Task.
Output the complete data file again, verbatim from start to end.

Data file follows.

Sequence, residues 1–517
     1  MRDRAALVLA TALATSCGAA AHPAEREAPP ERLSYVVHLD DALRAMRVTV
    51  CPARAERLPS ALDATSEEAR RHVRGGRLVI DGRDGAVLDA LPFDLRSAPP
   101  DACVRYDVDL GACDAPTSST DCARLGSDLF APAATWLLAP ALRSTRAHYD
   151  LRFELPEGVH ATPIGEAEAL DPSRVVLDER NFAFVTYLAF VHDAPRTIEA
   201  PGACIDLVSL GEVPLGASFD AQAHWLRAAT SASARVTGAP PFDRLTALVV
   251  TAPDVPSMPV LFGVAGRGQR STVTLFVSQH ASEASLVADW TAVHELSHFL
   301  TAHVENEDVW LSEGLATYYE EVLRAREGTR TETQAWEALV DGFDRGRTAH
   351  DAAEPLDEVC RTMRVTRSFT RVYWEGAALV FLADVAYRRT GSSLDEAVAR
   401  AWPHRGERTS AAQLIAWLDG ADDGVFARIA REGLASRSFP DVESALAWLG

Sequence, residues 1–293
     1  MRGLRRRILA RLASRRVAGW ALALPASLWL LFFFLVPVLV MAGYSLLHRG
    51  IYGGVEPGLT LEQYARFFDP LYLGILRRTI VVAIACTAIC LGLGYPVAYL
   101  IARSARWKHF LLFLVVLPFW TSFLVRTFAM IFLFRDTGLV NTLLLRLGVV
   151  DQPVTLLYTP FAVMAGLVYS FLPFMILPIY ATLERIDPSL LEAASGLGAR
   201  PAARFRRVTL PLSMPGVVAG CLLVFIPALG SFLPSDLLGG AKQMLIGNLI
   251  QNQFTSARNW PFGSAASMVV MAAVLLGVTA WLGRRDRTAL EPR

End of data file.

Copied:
Sequence, residues 1–517
     1  MRDRAALVLA TALATSCGAA AHPAEREAPP ERLSYVVHLD DALRAMRVTV
    51  CPARAERLPS ALDATSEEAR RHVRGGRLVI DGRDGAVLDA LPFDLRSAPP
   101  DACVRYDVDL GACDAPTSST DCARLGSDLF APAATWLLAP ALRSTRAHYD
   151  LRFELPEGVH ATPIGEAEAL DPSRVVLDER NFAFVTYLAF VHDAPRTIEA
   201  PGACIDLVSL GEVPLGASFD AQAHWLRAAT SASARVTGAP PFDRLTALVV
   251  TAPDVPSMPV LFGVAGRGQR STVTLFVSQH ASEASLVADW TAVHELSHFL
   301  TAHVENEDVW LSEGLATYYE EVLRAREGTR TETQAWEALV DGFDRGRTAH
   351  DAAEPLDEVC RTMRVTRSFT RVYWEGAALV FLADVAYRRT GSSLDEAVAR
   401  AWPHRGERTS AAQLIAWLDG ADDGVFARIA REGLASRSFP DVESALAWLG

Sequence, residues 1–293
     1  MRGLRRRILA RLASRRVAGW ALALPASLWL LFFFLVPVLV MAGYSLLHRG
    51  IYGGVEPGLT LEQYARFFDP LYLGILRRTI VVAIACTAIC LGLGYPVAYL
   101  IARSARWKHF LLFLVVLPFW TSFLVRTFAM IFLFRDTGLV NTLLLRLGVV
   151  DQPVTLLYTP FAVMAGLVYS FLPFMILPIY ATLERIDPSL LEAASGLGAR
   201  PAARFRRVTL PLSMPGVVAG CLLVFIPALG SFLPSDLLGG AKQMLIGNLI
   251  QNQFTSARNW PFGSAASMVV MAAVLLGVTA WLGRRDRTAL EPR